Creatine Supplementation and Upper Limb Strength Performance: A Systematic Review and Meta-Analysis
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- Lanhers, C., Pereira, B., Naughton, G. et al. Sports Med (2017) 47: 163. doi:10.1007/s40279-016-0571-4
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Creatine is the most widely used supplementation to increase performance in strength; however, the most recent meta-analysis focused specifically on supplementation responses in muscles of the lower limbs without regard to upper limbs.
We aimed to systematically review the effect of creatine supplementation on upper limb strength performance.
We conducted a systematic review and meta-analyses of all randomized controlled trials comparing creatine supplementation with a placebo, with strength performance measured in exercises shorter than 3 min in duration. The search strategy used the keywords ‘creatine’, ‘supplementation’, and ‘performance’. Independent variables were age, sex and level of physical activity at baseline, while dependent variables were creatine loading, total dose, duration, time interval between baseline (T0) and the end of the supplementation (T1), and any training during supplementation. We conducted three meta-analyses: at T0 and T1, and on changes between T0 and T1. Each meta-analysis was stratified within upper limb muscle groups.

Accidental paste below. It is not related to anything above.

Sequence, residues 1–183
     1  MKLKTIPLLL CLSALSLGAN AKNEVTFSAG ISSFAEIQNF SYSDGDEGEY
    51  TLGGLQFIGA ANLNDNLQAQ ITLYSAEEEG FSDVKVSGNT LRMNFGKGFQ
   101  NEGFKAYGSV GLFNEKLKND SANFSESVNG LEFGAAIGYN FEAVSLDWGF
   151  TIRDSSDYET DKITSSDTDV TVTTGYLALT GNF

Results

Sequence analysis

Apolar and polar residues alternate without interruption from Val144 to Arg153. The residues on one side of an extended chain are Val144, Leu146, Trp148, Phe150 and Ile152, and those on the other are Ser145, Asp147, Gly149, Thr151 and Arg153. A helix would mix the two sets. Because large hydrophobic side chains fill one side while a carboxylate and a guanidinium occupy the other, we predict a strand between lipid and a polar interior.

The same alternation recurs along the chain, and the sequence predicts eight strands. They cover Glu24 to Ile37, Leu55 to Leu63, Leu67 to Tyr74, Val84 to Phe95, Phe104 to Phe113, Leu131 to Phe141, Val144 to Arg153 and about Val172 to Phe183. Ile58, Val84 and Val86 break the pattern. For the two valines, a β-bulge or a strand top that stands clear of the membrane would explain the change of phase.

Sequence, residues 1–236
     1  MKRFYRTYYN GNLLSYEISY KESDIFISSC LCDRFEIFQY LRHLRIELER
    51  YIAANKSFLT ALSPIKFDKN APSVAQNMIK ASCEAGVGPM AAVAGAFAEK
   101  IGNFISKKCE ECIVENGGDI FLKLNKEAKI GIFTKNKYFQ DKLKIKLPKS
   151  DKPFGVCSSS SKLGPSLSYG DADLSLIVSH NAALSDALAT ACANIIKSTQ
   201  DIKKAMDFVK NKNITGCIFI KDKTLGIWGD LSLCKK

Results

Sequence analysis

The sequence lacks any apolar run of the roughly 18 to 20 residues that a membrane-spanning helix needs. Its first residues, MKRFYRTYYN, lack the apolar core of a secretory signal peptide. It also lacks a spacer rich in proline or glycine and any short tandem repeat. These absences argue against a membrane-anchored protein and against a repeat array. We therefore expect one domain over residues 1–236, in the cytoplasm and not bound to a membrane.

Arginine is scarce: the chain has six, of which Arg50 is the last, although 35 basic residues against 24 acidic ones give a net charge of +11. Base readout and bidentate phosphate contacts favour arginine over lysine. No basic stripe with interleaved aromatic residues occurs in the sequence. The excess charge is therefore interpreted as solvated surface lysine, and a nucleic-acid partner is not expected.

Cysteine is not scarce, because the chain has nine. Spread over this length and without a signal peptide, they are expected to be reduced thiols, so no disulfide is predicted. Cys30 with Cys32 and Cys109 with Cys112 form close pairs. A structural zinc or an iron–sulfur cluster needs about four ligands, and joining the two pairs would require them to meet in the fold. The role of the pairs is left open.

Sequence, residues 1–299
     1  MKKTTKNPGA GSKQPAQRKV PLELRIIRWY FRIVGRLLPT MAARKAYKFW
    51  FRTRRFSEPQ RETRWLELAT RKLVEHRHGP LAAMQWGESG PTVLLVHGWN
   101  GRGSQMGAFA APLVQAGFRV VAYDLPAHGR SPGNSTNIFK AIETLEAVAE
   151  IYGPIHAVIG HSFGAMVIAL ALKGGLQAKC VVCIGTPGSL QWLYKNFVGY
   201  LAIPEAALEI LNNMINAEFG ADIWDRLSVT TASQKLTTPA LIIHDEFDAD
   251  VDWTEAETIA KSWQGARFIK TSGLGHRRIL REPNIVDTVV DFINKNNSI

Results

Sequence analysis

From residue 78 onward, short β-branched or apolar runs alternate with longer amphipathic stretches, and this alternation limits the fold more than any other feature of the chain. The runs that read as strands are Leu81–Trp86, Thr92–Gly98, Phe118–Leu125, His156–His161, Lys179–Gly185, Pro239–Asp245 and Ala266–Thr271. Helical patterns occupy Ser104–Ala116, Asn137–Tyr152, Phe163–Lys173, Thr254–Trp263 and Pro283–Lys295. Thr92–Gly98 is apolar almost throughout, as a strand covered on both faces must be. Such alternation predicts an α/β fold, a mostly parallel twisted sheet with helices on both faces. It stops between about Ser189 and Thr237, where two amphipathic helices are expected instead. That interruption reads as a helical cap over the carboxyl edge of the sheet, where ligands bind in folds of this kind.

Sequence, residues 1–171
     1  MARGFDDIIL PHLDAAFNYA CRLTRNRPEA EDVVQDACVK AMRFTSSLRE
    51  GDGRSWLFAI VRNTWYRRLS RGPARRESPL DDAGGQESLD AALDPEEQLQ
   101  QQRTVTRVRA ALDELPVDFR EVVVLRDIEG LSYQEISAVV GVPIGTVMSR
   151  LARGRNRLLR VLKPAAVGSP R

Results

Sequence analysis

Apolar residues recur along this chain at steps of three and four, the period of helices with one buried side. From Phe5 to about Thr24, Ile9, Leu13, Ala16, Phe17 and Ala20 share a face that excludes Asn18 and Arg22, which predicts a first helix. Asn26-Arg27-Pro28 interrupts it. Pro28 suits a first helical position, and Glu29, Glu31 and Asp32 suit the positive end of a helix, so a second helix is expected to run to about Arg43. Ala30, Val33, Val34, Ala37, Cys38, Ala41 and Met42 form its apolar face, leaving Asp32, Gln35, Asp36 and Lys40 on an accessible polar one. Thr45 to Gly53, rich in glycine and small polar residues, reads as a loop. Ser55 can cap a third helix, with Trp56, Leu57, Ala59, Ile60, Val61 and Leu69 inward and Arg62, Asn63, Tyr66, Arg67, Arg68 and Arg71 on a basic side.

We included 53 studies (563 individuals in the creatine supplementation group and 575 controls). Results did not differ at T0, while, at T1, the effect size (ES) for bench press and chest press were 0.265 (95 % CI 0.132–0.398; p < 0.001) and 0.677 (95 % CI 0.149–1.206; p = 0.012), respectively. Overall, pectoral ES was 0.289 (95 % CI 0.160–0.419; p = 0.000), and global upper limb ES was 0.317 (95 % CI 0.185–0.449; p < 0.001). Meta-analysis of changes between T0 and T1 gave similar results. The meta-regression showed no link with characteristics of population or supplementation, demonstrating the efficacy of creatine independently of all listed conditions.
Creatine supplementation is effective in upper limb strength performance for exercise with a duration of less than 3 min, independent of population characteristics, training protocols, and supplementary doses or duration.